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EDITORIAL: State stepping up for autonomous cars

Given the way many Las Vegans drive, the idea of computer-controlled, self-driving cars has more than a little appeal.

And now, the state is taking steps to ensure Nevada will become a hub of innovation for the so-called autonomous vehicle industry. Although the idea of mass market self-driving cars — up until now the stuff of science fiction and campy shows such as “Knight Rider” — is relatively new, Nevada is moving to get to the head of the line.

How? Gov. Brian Sandoval announced earlier this month the creation of a position in his Office of Economic Development for an autonomous car expert, a person whose job it will be to meet with companies looking to develop the industry and convince them Nevada is the place to do it.

“Those of you in the room from Nevada know that I am very competitive and I always want Nevada to take a leadership role or for Nevada to be first,” Gov. Sandoval said, according to the Review-Journal’s Richard Velotta.

So far, the governor has a fairly good record on that front: Under his tenure, Nevada has secured projects run by Apple Computer, Switch, Tesla and most recently Faraday Future, all big players in the new information and energy economy.

Not only that, but Nevada has also secured a designation as a center for testing and development of unmanned aerial vehicles. If we’re to be a hub for pilotless flying machines, why not pilotless cars?

The advantages of Sandoval’s strategy are obvious: The more high-tech businesses that choose to locate in Nevada, the more jobs are created. (Many of these jobs will pay higher-than-average wages and draw the kind of innovators to the community who will stimulate its intellectual environment as well as the economy.)

But more than that, these efforts also present an opportunity in the field of education, a chance for the Nevada System of Higher Education to step up and create programs to train students — young and old — to work in designing, building, testing and maintaining driverless cars.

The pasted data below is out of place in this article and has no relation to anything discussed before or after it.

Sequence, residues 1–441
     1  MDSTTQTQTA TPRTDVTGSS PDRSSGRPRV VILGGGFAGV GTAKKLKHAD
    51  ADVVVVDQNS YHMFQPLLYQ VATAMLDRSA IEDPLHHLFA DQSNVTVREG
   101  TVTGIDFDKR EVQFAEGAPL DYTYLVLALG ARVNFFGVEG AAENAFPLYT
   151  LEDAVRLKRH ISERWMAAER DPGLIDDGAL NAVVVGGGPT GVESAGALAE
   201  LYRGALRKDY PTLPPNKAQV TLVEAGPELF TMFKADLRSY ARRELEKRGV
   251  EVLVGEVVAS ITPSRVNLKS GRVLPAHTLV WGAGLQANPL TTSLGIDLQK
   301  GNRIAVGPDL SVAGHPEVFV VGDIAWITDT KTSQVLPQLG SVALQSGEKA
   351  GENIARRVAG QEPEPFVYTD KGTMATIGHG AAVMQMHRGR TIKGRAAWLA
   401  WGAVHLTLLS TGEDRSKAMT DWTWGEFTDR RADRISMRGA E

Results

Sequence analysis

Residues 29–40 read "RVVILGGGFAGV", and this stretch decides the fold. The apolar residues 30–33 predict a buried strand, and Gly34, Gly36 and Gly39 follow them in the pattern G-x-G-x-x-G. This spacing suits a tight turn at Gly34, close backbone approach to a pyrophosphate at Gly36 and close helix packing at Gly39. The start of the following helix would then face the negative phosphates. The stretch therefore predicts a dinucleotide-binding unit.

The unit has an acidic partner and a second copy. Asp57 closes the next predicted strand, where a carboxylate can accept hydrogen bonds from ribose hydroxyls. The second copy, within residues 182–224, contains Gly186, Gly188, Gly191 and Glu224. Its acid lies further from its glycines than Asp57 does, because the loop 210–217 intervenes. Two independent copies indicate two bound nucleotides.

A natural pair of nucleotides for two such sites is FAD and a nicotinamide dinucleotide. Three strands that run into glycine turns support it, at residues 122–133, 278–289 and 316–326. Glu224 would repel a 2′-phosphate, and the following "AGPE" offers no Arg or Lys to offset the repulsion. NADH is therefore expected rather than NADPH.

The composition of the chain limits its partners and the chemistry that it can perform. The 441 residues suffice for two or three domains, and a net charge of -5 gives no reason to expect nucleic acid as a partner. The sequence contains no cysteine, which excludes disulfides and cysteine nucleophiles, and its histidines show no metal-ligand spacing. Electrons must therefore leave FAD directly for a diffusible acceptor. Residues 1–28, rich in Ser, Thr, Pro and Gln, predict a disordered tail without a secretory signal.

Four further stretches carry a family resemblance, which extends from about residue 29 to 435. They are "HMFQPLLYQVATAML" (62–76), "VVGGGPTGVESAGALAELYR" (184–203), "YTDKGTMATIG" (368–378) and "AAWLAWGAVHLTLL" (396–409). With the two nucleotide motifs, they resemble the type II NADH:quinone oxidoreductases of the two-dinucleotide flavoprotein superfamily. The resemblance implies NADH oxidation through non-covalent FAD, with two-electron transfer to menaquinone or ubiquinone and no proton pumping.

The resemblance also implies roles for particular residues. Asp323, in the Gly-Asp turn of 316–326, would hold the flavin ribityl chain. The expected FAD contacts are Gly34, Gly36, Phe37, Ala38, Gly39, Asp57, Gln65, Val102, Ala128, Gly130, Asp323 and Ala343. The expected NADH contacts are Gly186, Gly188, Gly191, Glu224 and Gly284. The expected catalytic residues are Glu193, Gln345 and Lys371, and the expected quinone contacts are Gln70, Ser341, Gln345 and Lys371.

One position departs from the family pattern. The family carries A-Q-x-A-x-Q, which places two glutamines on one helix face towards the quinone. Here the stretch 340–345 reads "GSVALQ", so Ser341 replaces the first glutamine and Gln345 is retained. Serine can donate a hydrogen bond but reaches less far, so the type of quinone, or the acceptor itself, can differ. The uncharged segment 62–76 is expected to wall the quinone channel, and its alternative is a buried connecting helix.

No vision for this industry can be complete without such a robust program providing a dependable pipeline of workers to new companies the state is trying to woo to Nevada. Not only will it make recruitment easier, but it will also provide new avenues for Nevadans who are looking for work, or perhaps looking to change careers. If the state is to devote resources toward tax credits or abatements to bring these companies here, it owes the citizens of Nevada, who will forego some of the tax benefits, a way to participate in the anticipated success of a transformed economy.

Gov. Sandoval’s competitive streak — and his vision for economic development — is but one reason Nevada has an advantage over other states when it comes to the new industry of driverless cars. The state’s higher education system needs to match that vision with a competitive job-training program of its own, tailored specifically to the needs of the companies that will set up shop here.

And just think of how much less stressful that morning commute through the Spaghetti Bowl will be!

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